As this year's Major League Soccer playoffs progressed, the theme for Toronto FC supporters was how their team finally turned a corner on losing in its 10th season.
On Sunday night at Yankee Stadium, TFC completed that transformation with a stunning, merciless quick strike and then domination of New York City FC with a 5-0 win to ensure a trip to the Eastern Conference final against the Montreal Impact. The Reds silenced a crowd of 28,355, save for a small but boisterous band of their own fans, by taking the game away from New York right at the beginning and taking the two-leg Eastern Conference semi-final by a humiliating 7-0 score on the aggregate.
TFC striker Sebastian Giovinco, still smarting from not being included as one of the three finalists as MLS most-valuable player after winning the award last season, sent a strong message to the voters with three goals. Fellow striker Jozy Altidore scored a goal and Jonathan Osorio finished the scoring in the second half.
"We're just continuing to develop a culture and mentality of winning," TFC head coach Greg Vanney said. "I would say that was lacking in previous years. Winning is as much a habit as losing can be.
"The group is a tight-knit group and they work hard for each other. When you start getting results that match up to the work you put in, it starts building some momentum. [Sunday night] and this series as a whole were another one of those momentum moments for us."
Now TFC moves on to another first – the first time two Canadian teams will meet in an MLS conference final. On Nov. 22, after one of those breaks common to soccer, TFC will be in Montreal for the first leg of the Eastern Conference final. The importance of the game means it will be played at 55,000-seat Olympic Stadium rather than the Impact's usual home, Stade Saputo. The second leg is Nov. 30 at BMO Field in Toronto.
Motivation should not be a problem for either side. The Impact embarrassed TFC a year ago in Montreal by a 3-0 decision in the knockout round, the first playoff appearance by the Reds.
"I think it sets up in an amazing way for Soccer Canada, for everybody in those two cities," said TFC midfielder Michael Bradley, who once again was a central figure in the win over New York. "We're enjoying this for the moment but already, in the back of our minds, it's going to be two unbelievable games.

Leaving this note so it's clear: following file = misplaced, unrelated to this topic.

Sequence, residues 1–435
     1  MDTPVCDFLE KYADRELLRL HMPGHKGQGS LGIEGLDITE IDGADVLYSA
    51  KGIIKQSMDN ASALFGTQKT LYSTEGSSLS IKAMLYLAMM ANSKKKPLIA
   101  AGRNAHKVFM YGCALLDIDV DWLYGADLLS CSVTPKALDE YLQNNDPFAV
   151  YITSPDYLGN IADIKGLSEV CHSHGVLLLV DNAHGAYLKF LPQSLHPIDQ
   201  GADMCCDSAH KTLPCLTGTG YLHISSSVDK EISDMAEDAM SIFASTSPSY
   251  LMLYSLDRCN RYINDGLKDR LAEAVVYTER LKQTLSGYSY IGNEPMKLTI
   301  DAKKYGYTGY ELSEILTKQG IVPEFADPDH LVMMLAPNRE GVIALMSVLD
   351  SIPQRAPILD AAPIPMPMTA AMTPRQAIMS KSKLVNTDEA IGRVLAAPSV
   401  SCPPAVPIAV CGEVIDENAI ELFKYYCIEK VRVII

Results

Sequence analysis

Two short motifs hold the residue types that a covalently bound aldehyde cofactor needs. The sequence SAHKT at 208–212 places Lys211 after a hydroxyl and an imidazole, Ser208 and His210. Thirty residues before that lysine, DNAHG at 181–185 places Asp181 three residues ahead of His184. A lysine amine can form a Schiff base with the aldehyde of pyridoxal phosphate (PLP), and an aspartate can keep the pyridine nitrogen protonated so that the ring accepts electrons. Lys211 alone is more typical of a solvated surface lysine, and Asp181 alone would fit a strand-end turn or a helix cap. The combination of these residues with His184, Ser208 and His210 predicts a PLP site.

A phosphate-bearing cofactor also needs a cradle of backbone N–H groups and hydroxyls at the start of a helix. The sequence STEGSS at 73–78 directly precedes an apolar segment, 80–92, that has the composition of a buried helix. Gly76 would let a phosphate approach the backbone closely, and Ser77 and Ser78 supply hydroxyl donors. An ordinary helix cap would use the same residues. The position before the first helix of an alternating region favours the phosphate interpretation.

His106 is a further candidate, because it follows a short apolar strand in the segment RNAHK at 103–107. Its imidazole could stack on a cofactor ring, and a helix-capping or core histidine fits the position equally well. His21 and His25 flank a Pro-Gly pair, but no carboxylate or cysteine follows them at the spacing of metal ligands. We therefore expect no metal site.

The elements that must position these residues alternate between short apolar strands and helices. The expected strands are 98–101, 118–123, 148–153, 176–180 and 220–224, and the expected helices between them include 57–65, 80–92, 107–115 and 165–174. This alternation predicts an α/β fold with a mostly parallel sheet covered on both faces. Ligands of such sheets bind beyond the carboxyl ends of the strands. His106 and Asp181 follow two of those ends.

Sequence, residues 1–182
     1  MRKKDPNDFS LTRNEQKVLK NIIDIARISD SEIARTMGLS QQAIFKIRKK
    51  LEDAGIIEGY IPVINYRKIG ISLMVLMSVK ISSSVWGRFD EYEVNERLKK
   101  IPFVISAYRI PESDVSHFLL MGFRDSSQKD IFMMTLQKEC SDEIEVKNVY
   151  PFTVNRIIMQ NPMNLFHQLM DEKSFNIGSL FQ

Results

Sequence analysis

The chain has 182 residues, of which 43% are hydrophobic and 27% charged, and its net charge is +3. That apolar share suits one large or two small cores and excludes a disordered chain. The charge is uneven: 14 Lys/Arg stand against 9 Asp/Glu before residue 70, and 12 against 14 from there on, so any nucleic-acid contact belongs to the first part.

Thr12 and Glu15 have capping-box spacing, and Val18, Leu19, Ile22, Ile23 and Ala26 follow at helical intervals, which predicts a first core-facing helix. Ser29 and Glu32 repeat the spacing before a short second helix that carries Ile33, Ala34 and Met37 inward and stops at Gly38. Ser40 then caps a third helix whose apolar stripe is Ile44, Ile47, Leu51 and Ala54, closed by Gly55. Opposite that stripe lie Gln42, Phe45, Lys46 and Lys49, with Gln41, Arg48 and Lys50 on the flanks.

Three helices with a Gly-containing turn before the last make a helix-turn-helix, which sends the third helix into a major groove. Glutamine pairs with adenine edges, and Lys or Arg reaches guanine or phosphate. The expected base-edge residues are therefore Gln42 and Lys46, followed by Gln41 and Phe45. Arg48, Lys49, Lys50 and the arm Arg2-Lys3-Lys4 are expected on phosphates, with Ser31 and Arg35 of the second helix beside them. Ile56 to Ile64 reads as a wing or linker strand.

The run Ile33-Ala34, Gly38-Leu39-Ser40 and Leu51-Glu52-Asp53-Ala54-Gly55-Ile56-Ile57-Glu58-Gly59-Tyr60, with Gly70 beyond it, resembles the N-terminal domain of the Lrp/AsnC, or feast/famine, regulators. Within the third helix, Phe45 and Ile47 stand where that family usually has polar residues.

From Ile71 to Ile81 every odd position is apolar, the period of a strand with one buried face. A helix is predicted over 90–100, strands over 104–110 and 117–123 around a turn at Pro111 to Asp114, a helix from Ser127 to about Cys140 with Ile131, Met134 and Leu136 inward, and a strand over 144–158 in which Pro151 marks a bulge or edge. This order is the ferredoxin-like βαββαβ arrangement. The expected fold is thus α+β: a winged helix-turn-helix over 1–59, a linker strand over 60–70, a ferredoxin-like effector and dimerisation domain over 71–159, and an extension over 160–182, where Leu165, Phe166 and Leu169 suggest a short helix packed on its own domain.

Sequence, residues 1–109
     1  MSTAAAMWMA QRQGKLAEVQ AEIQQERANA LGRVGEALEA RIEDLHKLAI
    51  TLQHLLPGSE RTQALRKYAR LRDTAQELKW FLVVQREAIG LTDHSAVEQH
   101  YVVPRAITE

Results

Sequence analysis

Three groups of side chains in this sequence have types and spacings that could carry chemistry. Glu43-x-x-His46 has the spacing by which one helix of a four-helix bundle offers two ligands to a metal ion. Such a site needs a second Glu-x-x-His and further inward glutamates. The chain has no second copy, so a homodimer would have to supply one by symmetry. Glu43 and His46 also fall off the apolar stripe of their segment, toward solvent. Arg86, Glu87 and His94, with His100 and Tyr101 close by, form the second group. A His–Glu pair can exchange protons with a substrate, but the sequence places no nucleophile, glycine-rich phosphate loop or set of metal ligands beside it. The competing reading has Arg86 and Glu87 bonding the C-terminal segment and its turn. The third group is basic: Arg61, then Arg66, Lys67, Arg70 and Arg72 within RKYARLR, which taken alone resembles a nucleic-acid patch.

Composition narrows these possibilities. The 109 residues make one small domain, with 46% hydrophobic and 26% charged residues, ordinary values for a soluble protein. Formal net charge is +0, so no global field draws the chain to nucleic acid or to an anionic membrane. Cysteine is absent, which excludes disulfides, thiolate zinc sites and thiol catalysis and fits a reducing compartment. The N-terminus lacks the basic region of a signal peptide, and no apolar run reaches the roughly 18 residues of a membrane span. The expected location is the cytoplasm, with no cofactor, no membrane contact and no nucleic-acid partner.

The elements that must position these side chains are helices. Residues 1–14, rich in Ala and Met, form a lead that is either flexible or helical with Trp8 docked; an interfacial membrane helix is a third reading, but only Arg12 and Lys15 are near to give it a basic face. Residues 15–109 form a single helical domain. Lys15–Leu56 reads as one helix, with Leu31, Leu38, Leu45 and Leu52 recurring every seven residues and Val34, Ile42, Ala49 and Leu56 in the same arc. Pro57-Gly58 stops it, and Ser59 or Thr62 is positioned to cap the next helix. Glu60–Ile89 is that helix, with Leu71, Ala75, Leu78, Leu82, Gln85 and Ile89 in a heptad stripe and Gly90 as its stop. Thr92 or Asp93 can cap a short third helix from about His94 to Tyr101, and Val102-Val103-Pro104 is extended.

"The rivalry, the dislike between the two cities, for me you couldn't write it up any better."
Despite the fact New York was playing against a 2-0 Toronto lead on the aggregate in the final leg, NYCFC had not lost in eight games at Yankee Stadium. There were concerns New York might be able to attack quickly and take their usual advantage in playing on their small pitch.
New York striker David Villa, who escaped a suspension for the game for kicking at TFC striker Sebastian Giovinco, was supposed to be an even bigger threat on the small pitch. He scored 23 goals in the regular season, second-highest in MLS. But he was never given a chance to get loose.
"We did a good job in our initial pressure," Vanney said. "Every one of their players, when they picked up the ball, they had very little time. We were able to close them, to get pressure to the ball.
"When Villa has space to do his magic he can hurt you. We did a good job putting pressure on the ball right at the start of their attacks so whenever he got the ball, a lot of times he got the ball in not very beneficial moments, not very beneficial spaces. When he did, we always had guys around him to get pressure to him."
The game and the series effectively ended before the first half even reached the halfway mark. Giovinco was tripped in the box by New York defender Frederic Brillant. He scored on the penalty kick in the 20th minute to put TFC ahead 2-0 in the game and 4-0 on aggregate, which ended any realistic hope for the New Yorkers. Giovinco scored the first goal 14 minutes earlier on a nice spin-around move.
When Giovinco, who finished the regular season with 17 goals and 15 assists, was asked by a reporter if the MVP snub was a motivating factor he started smiling even before his interpreter translated the question to Italian. The smile became more of a smirk and when the interpreter relayed his answer it became clear why: "This is not a question that must be asked to me. My job is scoring goals … that's what I want for the team and … the MLS Cup, which is way more important."
Vanney, who took pains to brush off that question last week as well as ones about all of the TFC players being snubbed in the individual awards including himself for the coach-of-the-year trophy, was a little more forthright on Giovinco's behalf.
"A lot, yeah," the coach said when asked if the snub provided any incentive for Giovinco. "I think last year he took a lot of pride in the fact he was the MVP. He was every bit the same player through the course of the season and managed to have a little bit of an injury down the stretch.
"I think [Sunday] was an opportunity for him and the group to make a statement. Sometimes this group feels they get overlooked for various reasons. There's no better place to make your statement than in the playoffs by making a run. There's no doubt it plays a part in [Giovinco's] mindset but he wants to win [a championship], bottom-line."
With Giovinco and Altidore keeping the pressure on up front, and Bradley and the defenders repelling almost every one of the New Yorkers' few offensive attempts, the crowd faded into near silence. All that could be heard were the dozens of red-clad TFC supporters chanting and singing in one end-zone section.